Remember its okay to give yourself a break from social media. It won’t kill you! Believe it or not but the mortality rate for account deactivation is still 0…. Shocking, I know…. And, although this may give you some social anxiety, maybe even a thumb spasm, just remember, all your friends and followers will be right there where you left them. After you’ve graduated and you post that nursing degree selfie, I’m sure they’ll all be eager to congratulate you. Although I do recommend deactivation if you’re not quite ready for this move at the moment, at least try to limit your use to certain times of day that won’t interfere with your study groups or reading time.
The exception to this deactivation recommendation, however, would be pinterest; that is as long as you are using it as a resource. The reason I give pinterest a “pass” is that it can be used to find blogs and articles that contain useful information. I also don’t consider it a super “social” social media. It’s kind of an antisocial media to be honest. Perfect for those who need to focus and not be distracted by constant comments and likes.
I also think that resources like Youtube and Khan academy are acceptable, again, as long as you stay focused. Youtube can lead you down a dark path if you’re not careful. If you’re easily distracted by the recommended video list on the right, maybe its best to stick with Khan academy.
#5. Don’t Start a Weight Loss Program
I remember the first day, in our first orientation, we had someone come speak to us who had just recently graduated. She came in to offer words of encouragement and tell us what it was like to go through the program. She seemed really nice and really excited to start her career. She was also little on the husky side, which makes no difference, only that when she asked if anyone had any questions the girl sitting next to me raised her hand and asked if it was true that people gain a lot of weight while in nursing school.
It was so hilarious because the question seemed so inappropriate and out of nowhere, but it was an honest question. I was able to keep from laughing, but I’m not sure my poker face was as good as it should have been. I was shocked but the bluntness of her question. The girl who asked the question though did so sincerely, and was genuinely worried about weight gain. The guest speaker, who fortunately was not offended, then went on to tell everyone how she had gained 50 lbs over the 2 year period.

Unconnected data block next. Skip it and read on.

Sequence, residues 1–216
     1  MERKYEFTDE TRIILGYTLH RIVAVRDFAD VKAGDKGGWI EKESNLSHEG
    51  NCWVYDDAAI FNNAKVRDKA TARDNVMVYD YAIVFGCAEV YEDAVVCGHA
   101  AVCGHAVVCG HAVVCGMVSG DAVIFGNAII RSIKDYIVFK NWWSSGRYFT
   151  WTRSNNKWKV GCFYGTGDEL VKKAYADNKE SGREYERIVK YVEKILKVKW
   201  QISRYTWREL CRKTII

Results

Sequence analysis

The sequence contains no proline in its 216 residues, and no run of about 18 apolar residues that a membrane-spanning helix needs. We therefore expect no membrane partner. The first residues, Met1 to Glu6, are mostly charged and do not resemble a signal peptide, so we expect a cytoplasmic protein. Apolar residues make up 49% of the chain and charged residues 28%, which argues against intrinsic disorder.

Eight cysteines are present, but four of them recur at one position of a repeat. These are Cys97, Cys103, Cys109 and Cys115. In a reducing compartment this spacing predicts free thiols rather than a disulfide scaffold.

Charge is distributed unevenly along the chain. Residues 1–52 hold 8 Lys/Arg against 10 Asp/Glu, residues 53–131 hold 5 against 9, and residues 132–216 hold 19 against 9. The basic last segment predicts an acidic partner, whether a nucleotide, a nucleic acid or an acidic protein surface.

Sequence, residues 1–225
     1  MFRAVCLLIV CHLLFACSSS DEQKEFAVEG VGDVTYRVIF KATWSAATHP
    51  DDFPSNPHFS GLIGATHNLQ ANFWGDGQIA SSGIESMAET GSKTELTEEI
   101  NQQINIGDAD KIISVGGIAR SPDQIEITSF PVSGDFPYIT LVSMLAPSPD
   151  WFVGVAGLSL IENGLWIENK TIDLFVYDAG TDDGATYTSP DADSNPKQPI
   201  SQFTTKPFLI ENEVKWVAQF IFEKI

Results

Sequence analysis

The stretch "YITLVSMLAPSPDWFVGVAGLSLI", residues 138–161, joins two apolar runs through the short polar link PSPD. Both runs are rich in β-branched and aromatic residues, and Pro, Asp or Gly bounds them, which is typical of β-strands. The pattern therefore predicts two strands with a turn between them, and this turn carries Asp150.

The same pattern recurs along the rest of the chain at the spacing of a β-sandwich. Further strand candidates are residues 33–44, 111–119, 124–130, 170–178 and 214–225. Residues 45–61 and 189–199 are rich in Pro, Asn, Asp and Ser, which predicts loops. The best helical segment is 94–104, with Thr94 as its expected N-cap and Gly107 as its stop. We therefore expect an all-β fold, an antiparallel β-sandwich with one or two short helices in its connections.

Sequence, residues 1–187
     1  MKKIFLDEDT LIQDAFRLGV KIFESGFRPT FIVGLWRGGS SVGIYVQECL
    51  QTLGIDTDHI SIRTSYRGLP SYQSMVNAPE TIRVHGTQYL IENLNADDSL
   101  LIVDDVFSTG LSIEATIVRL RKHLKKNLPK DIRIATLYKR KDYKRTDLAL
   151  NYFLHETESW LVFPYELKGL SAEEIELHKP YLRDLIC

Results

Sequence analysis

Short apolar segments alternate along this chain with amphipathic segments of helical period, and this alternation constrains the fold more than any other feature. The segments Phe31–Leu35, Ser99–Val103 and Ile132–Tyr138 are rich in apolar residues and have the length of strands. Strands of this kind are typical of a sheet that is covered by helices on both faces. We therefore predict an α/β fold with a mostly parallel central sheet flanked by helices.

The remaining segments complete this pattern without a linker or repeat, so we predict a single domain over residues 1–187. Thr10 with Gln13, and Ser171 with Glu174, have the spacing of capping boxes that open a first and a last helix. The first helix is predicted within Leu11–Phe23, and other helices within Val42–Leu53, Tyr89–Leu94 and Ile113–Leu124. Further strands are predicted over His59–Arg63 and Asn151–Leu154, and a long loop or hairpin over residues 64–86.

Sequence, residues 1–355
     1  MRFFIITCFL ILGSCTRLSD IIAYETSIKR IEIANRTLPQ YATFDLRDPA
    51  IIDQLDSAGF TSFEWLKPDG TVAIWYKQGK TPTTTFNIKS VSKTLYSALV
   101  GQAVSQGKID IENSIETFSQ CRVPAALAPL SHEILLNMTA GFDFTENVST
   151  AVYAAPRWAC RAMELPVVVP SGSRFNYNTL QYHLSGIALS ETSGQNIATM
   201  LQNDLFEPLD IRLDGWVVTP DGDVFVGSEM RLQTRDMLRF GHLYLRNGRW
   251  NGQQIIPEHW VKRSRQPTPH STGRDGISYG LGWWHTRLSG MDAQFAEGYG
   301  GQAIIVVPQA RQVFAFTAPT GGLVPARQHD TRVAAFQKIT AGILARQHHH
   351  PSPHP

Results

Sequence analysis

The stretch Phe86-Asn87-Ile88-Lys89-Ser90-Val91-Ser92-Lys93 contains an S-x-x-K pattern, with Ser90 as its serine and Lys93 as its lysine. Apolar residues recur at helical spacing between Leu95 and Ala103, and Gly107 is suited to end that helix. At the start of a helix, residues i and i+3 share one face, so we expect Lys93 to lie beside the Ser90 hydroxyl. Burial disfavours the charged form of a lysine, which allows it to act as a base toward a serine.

Personally, I gained 15 lbs while in school and it wasn’t easy to see myself packing weight. To minimize the damage I did my best to eat healthy and exercise as much as possible, but lets face it, activity levels take a nose dive when you have hundreds of pages to read for your next test and assignments on due weekly. Just remind yourself its temporary. Do Not join a weight loss program! I know it’s difficult to see your body change, but don’t do it.
There were two girls I knew during nursing school who started intense weight loss programs while in school. One of them failed and had to repeat the semester. The other passed with a B, which is really great but she had gotten all A’s before that. I truly believe she would have gotten an A if she hadn’t joined that weight loss program and focused on her school work instead.
Remember, there will be plenty of time for weight loss after the program. That being said, don’t ignore your health. I’m not trying to give you the green light on Pringles. You definitely should exercise while in school. There are loads of benefits to cognition and stress relief. All I’m saying is put first things first. Don’t overwhelm yourself by committing to too much.
Thanks for reading! Hope this was helpful. Congratulations on nursing school, and may you pass all of your classes with ease!